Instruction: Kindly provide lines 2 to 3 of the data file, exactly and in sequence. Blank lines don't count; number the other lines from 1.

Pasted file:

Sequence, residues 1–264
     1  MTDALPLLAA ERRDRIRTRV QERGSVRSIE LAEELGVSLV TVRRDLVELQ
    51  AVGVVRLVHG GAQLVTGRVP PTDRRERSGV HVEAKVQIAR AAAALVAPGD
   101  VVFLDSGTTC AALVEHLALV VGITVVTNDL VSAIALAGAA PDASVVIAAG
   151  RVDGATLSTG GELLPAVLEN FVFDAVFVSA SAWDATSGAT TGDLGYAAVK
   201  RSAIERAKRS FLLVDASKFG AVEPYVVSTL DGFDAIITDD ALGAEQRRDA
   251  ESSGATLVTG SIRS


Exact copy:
     1  MTDALPLLAA ERRDRIRTRV QERGSVRSIE LAEELGVSLV TVRRDLVELQ
    51  AVGVVRLVHG GAQLVTGRVP PTDRRERSGV HVEAKVQIAR AAAALVAPGD